She said her first thoughts when she heard of the incident was, “This has to be a nightmare.”
Rhonda remembered the victims, praising their work ethic, positive attitude and strong character.
She said the company hasn’t notified her about when they’ll reopen for business, although she said it’s difficult to imagine walking into the building again.
Every machine, room and smell will remind her of the incident and the deaths that occurred, Rhonda said.
“I can’t even remember the last thing I said to them, I didn’t know it would be our last time together, working and laughing,” she said in Spanish.
Rhonda said she felt her late co-workers' spirits while at the vigil, remembering them with white roses she put at the wreaths.
Another woman who declined to give her name because of immigration status concerns said she attended the vigil to pray for families less fortunate than hers. She said her brother was working at the plant on Thursday when he noticed some of his co-workers failed to evacuate the building when told, and he rushed back inside.
As he entered one side of the building to search for his co-workers, he suddenly felt a cold sensation run through his upper body. He said he called out for anyone on the floor but no one answered.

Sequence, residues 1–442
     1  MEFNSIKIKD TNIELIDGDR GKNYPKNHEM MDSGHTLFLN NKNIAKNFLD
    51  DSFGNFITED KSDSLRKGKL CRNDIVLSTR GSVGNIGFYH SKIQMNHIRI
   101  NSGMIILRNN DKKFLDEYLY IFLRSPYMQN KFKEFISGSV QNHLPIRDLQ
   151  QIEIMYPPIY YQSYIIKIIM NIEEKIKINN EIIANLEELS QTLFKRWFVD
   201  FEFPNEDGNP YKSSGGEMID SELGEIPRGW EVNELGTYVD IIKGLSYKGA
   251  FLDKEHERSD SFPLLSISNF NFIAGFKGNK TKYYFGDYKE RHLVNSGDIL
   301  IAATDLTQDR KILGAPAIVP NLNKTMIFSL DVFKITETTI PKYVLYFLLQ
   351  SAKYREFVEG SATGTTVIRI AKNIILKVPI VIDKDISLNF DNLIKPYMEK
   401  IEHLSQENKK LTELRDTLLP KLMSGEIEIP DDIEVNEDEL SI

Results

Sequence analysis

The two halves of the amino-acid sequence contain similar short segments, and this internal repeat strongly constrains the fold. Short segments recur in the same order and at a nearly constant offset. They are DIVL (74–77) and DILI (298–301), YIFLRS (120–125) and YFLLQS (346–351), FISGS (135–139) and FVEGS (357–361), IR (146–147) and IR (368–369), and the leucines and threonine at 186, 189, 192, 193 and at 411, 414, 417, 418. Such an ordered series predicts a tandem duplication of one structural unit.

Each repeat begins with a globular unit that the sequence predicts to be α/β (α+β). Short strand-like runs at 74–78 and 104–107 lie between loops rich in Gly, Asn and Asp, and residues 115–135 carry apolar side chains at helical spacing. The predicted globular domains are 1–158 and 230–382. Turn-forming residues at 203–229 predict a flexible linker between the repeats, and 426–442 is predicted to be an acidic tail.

After a few minutes, he felt dizzy to the point of passing out and ran outside for air. He was later hospitalized and returned home safely.
Since the incident, the woman said her brother has experienced panic attacks and trouble sleeping. She said he doesn’t feel right knowing he survived while others died.
As the crowd lifted their hands to pray Saturday, the woman said she thanked God for saving her brother that day. She prayed for the safety of factory and plant workers everywhere. She prayed Gainesville would never experience another tragedy like this again.
“My brother was saved but his heart is broken,” the woman said in Spanish. “The community feels defeated, but we all came today to pray, to mourn and try to heal. But Gainesville will never be the same. The six victims are irreplaceable people in our community.”